26 August 2014

Getting A Taste of 2014 | South America 2013

31 December 2013

We ate leftovers for a light(er) dinner and got ready for New Year's Eve in Buenos Aires. It was my first international New Year's Eve celebration. When I worked in news, we producers would see the various celebrations around the world and try to fit as many as possible into our newscasts. I wondered for a moment if Buenos Aires would make the 2013 feed... because once a news nerd, always a news nerd.

We met John at 11pm near Puente de la Mujer. We easily got a spot up against the railing, because an hour before midnight is apparently really early.





It's tradition in Argentina (and I've since learned in Brazil as well) to wear white to welcome the new year. Obviously I lamented this opportunity to coordinate with thousands of strangers. I promise I won't make the same mistake twice. 

Happy New Year!
Use John's head as a reference point.
The notice the man with the box.
People started showing up and we wondered where the fireworks would begin. We looked for rooftop displays on both sides of the river, but didn't find anything. Then came the man with the box.

He and his crew showed up around 11:30, hopped the railing and started unspooling wires that we assumed were to be used for detonation. As the show literally unraveled before our eyes, my procedural side wondered if this was even being put on by the city. It could just be that Puente de la Mujer is a place where people come and set up their own displays. I mean there didn't seem to be anything discouraging self expression through pyrotechnics, so who's to say?   



Without a countdown display, we didn't know it was midnight until the fireworks started. But once they did, it was amazeballs

Go time!
My favorite Angie picture.


video
video

The show was great. There apparently was some coordination - or at least consideration - because after the show from our side of the river, other shows began. It was the perfect welcome to the new year, a simple celebration made extraordinary by circumstance. When all was said and done, we started 2014 happy and hungry. That devolved quickly once we tried to get home.

We were on the wrong side of town. There was a some sort of traffic nightmare between where we were and where we wanted to be. As a result, taxi drivers wanted to charge us ridiculous amounts of money. Honestly, I probably would have paid it, but John wasn't having it. Eventually we walked until we were out of the fray and caught a regular taxi.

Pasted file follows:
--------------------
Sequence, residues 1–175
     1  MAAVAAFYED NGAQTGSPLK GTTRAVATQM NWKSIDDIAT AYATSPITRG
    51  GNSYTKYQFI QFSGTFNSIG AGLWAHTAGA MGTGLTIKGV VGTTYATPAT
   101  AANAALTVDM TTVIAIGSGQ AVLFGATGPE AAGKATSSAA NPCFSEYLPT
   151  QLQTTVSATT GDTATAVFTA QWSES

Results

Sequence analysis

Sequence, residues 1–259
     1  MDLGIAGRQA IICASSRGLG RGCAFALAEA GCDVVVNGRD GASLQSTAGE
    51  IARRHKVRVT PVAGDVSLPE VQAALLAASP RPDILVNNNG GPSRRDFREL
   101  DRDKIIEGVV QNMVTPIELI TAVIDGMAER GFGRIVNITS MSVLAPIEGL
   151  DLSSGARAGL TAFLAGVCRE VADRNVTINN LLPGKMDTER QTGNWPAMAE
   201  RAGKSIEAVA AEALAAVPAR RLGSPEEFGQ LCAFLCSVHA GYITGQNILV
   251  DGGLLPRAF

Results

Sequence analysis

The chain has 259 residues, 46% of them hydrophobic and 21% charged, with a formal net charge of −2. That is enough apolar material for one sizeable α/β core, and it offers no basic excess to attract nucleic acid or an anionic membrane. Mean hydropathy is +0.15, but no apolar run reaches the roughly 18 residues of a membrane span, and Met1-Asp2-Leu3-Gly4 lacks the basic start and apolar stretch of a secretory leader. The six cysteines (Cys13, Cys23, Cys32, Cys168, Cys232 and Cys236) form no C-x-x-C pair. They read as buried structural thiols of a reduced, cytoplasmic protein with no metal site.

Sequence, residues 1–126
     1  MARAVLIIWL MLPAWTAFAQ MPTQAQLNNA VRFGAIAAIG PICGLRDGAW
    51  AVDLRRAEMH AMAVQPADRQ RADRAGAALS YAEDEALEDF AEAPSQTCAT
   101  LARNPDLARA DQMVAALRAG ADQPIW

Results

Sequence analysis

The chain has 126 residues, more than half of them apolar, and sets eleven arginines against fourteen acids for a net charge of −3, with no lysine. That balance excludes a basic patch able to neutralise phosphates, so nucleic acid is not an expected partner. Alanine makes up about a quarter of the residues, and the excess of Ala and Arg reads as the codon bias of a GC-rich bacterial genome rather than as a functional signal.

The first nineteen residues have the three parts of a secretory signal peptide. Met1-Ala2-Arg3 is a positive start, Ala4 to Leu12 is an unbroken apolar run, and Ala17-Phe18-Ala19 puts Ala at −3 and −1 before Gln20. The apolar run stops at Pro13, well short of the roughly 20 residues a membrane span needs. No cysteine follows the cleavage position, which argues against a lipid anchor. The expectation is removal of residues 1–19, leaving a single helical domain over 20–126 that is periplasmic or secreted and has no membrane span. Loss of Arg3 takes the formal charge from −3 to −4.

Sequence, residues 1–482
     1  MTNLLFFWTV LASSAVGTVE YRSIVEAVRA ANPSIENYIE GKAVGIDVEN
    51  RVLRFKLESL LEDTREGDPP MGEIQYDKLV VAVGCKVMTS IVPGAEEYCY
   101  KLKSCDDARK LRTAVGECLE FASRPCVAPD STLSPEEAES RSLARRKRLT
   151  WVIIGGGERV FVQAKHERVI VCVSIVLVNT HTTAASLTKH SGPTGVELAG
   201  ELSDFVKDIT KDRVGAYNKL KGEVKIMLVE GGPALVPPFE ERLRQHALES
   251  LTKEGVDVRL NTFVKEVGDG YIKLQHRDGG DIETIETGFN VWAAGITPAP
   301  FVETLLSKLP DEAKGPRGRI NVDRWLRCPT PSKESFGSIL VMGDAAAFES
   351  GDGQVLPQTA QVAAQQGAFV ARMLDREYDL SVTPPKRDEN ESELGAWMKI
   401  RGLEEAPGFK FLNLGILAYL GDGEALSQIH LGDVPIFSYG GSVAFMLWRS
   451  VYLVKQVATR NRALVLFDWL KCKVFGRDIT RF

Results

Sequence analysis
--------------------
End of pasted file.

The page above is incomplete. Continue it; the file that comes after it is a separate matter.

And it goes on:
Only we couldn't find our way home.

We gave the driver the cross streets. We got to our neighborhood. We passed our place. By now it was close to 2am and we were hangry. There is probably no greater test of new friends than that kind of false patience.

I'm just now realizing that 2014 had a pretty rough start. Once we found our place and dropped off the camera, we still had to find a place to eat. Some places were closed, others were out of food. We stopped at one place where we were told there was nothing but day-old bread. Yes we tried to order it, but the waiter wouldn't serve it to us. He told us it was so hard, we could use it to rob a bank. He sent us to (where else?) Maleva Restobar and promised to give us the bread if they were out of food.

Hysteria was about to take control.

Between finding a table, finding a waiter, arguing over how much food we should get and lamenting that it was after 3am and there had been exactly no dancing, I'm surprised we made it through the meal. We finished with an entire untouched pizza (because of the argument over what to order) and used it to meet new people traveling from Italy and Florianópolis. They were lovely. But I wanted to dance!

Ang went home and John & I went to find the party. We found a club (with a cover charge, obviously) that was playing American music. I thought our luck had changed, until we went inside. It was packed to the point that there was no moving, just a steady, sweaty pushing against strangers. John pushed our way to the bar. Then he gave up. He literally handed me cash, yelled "whiskey," and walked to a quiet corner that was on the way to coat check. But the time I made my way through the line, the American songs were over. Still, there was whiskey and some space to wiggle - which is all I ever wanted.

I came across lots of interesting characters. John stayed close, but not too close, as he had his own agenda. Writing "I had a lot of fun" is an understatement. I got to dance. I wasn't groped. The American songs returned and I was happy. John & I agreed it was the perfect time to leave. We walked outside and recoiled like vampires.

Hola 2014!
It was after 7am. The sun had risen and the day had started. I'd had no idea so much time had passed. I was supposed to be back at our place by 7:30, because I needed the security guard to let me into the building. (He leaves after 7:30 and occupants need a key fob. Our key fob was already inside and upstairs with Angie.)

We found a few raging street parties on our walk back home. Each was as baffling to see in full daylight as the next.

I am pleased to report I made it home after 7:30 but before a key fob was necessary. Ang was up worrying, so all was right in the world. I was suddenly exhausted - but content. Life was good.